Wednesday, December 21, 2011

2011's Top Science Scandals

The Scientist Magazine via Boing Boing has compiled a list of some of 2011's most deliberate fumbles in the realm of science.

How about the "link" between a mouse leukemia virus and chronic fatigue syndrome. This paper was cited in over 200 other scientific papers that was before other labs failed to recreate the findings. The paper was retracted but  when they were demanded, the author refused to hand over key lab notebooks. An assistant allegedly was ordered to take the notebooks. The author then relocated to California, only to be arrested on counts of felony theft,  jailed overnight, and is now awaiting trial.

or how about this.... A Boston University scientist's  paper identifying 19 genes associated  longevity.  Soon after publication, however critics discover that the correlation was due to an error in the sequencing chip the team used. After accounting for the error, the researchers found  that the results were ummm less impressive, and Science ultimately retracted the paper, which was cited 25 times in just a year.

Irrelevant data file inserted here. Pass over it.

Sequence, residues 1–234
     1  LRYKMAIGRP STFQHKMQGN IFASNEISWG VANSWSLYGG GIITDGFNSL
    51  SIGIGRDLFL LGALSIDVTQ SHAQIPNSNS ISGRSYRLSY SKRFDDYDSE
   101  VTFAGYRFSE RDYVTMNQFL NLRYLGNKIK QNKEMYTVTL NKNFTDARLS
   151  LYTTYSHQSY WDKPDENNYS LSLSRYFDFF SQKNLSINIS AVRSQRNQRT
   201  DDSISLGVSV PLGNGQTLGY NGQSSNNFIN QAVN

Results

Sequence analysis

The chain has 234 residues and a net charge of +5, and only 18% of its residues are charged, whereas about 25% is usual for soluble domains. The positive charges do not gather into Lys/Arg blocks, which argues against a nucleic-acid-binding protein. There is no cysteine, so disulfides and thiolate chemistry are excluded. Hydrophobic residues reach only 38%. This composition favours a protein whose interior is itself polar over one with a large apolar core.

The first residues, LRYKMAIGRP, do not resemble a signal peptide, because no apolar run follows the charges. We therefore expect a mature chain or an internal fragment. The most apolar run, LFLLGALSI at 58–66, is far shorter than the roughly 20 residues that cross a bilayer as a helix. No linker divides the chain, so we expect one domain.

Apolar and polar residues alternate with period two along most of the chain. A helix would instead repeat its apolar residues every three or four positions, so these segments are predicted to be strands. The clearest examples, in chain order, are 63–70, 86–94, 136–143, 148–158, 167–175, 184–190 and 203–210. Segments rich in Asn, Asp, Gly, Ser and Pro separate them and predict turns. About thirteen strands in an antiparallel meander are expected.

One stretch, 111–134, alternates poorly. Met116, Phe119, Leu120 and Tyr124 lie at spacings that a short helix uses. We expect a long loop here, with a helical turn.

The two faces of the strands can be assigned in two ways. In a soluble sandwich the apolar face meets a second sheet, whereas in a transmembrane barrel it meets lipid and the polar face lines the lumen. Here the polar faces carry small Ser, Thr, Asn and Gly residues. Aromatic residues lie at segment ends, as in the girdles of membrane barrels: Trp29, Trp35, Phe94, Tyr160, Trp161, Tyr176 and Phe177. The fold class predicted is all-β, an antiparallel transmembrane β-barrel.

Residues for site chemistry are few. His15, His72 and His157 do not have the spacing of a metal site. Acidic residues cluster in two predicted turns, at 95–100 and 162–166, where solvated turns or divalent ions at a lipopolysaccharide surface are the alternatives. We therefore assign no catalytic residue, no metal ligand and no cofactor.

Or the well cited paper on changes in the climate that was retracted when it was discovered that many passages were lifted from other sources, including Wikipedia.

And the horrific breast cancer study that was administered by Duke University that is now being sued by families of breast cancer patients who died during the study - saying that Duke fraudulently and negligently allowed a flawed cancer trial to continue. The patients were enrolled in a trial led by oncologist Anil Potti, who in 2010 admitted to pretending to be a Rhodes Scholar and to fabricating a statistical analysis of chemotherapy response in breast cancer.   

There are others equally disturbing at The Scientist web article here

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